Fathers Day’s got me thinking. There just aren’t many great fathers in the world of literature. Scan your bookshelves and tell me how many decent, loving fathers you come across. You’ll find that the dearth of dads is pretty striking. It seems we get better stories when our fathers are dead, cruel, or out of the picture altogether. Even when they’re there, they tend to be hapless milquetoasts (I’m looking at you, Tom Joad Sr.) There’s a lot more tension that way. And it lets the main character figure things out on their own.
But of those select few who can be held up as examples, I think you’d have to put To Kill A Mockingbird’s Atticus Finch right at the top of the list. A quick perusal of that book can give some great pointers to those of us trying to figure out fatherhood. Channel Mr. Finch, and you’re well on your way.
For example, teach your kids to read. Teach them to respect their elders. Teach them all about life. But most of all, teach them by example. Don’t be afraid to take a principled stand. Sure, today’s casting directors will put Latinos, Asians, and wheelchair-bound Aborigines in just about every show they watch on tv, but nothing says ‘racism isn’t cool’ like defending a falsely-accused black man when the whole town is forming a lynch mob.
Treat your kids with fairness. Show them what integrity means. At the same time, respect their need to understand the rationale behind all your silly rules.
Let your kids be kids. Let your girls be tomboys. Give them a long leash and let them explore the world around them.
But know when to give that leash a tug. (Hint, if they’re using a fishing pole to drop provocative messages into your neighbors’ back window, they’ve probably overstepped some important boundaries.)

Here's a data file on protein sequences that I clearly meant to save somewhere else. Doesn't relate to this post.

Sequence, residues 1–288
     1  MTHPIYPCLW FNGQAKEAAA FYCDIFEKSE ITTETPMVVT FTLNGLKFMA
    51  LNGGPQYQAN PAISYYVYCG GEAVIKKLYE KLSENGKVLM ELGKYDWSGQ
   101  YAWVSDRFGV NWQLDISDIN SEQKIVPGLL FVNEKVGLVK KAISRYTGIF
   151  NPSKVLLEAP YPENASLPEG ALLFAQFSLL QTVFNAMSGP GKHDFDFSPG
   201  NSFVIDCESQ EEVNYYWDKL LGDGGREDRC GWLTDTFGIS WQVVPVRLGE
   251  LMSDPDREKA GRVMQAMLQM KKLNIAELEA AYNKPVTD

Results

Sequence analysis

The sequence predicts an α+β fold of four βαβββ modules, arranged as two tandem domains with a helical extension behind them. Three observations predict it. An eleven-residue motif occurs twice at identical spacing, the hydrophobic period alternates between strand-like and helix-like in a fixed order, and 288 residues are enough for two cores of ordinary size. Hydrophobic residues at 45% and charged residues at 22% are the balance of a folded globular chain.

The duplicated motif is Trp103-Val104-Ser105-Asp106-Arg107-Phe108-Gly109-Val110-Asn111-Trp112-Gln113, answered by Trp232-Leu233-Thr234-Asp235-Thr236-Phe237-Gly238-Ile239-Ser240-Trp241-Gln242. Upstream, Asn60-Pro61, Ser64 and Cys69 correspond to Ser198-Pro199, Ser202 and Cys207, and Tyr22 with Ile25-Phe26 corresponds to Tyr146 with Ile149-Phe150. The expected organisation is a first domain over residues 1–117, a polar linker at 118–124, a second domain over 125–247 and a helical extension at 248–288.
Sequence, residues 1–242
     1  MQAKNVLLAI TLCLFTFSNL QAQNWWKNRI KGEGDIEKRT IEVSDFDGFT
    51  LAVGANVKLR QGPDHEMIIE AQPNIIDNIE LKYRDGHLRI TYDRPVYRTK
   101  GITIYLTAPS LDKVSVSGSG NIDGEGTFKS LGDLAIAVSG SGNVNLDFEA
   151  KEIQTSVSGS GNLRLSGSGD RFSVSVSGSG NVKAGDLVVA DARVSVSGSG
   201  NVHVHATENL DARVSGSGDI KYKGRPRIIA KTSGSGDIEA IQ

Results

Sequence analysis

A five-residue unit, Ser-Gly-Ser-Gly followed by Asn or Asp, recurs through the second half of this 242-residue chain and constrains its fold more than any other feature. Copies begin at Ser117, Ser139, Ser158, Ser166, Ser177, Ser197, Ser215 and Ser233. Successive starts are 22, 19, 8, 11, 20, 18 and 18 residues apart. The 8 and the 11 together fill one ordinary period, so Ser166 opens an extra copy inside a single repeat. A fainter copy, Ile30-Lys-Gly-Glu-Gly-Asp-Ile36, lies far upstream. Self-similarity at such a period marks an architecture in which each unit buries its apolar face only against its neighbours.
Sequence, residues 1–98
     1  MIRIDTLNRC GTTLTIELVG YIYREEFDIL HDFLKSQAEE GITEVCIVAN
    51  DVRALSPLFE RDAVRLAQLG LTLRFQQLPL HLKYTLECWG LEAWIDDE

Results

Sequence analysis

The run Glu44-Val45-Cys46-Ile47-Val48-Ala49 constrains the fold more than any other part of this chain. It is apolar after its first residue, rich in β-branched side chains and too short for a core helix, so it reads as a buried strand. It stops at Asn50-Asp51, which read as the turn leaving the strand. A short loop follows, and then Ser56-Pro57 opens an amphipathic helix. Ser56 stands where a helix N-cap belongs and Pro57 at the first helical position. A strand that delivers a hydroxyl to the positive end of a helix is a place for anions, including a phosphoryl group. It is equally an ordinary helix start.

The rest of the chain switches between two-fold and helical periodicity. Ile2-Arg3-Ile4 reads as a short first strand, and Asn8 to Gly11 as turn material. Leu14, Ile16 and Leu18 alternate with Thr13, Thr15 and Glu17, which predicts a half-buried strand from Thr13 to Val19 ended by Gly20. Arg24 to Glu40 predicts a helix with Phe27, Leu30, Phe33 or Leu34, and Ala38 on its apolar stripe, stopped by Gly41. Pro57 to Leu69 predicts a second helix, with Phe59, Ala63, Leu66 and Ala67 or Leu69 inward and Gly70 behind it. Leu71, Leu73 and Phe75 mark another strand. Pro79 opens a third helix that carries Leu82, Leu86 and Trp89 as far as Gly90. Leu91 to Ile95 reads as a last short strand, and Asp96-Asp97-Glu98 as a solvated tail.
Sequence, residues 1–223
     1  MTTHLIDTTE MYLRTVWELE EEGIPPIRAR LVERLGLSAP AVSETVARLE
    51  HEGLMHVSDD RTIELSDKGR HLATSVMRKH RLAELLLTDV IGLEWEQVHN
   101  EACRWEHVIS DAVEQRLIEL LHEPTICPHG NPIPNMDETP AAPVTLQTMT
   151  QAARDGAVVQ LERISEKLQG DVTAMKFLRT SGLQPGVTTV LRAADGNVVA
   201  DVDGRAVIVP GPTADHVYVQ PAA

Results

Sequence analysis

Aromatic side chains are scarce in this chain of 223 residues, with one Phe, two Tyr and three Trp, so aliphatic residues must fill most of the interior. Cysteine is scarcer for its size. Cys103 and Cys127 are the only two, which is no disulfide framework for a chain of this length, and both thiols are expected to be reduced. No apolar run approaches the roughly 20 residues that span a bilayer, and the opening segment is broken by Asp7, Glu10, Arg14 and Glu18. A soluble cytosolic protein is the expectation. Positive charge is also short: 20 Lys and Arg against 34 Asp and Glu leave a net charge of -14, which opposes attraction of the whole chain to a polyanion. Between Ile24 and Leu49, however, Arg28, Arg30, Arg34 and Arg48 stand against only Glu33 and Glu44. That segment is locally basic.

Be humble. If you’re the deadest shot in Maycomb County you don’t have to go bragging about it. Just be ready to take care of business when mad dogs come to tear your kids to shreds. You never know when the Sheriff’s going to crap his pants under the pressure of a “one shot deal.”
I could go on and on. Is Atticus perfect? Definitely not. But where he has faults we can also learn from his mistakes.
For instance, when the town lowlife swears revenge on you and your family, don’t just wipe his loogie of your face and say you’re too old to fight. Put the bastard out of commission, because sooner or later he’ll come after your kids, and unless they happen to don protective giant ham costumes made of chicken wire, or unless your reclusive neighbor can put a kitchen knife between his ribs, well, things probably won’t end well.
Oh, and maybe this was okay to do with old ladies during the Depression, but nowadays you probably shouldn’t lend your kids out to the neighborhood morphine addict to help wean him or her off their special sauce.
Anything I missed? Any other great fathers from land of literature? As a dad myself, I’d love to hear more…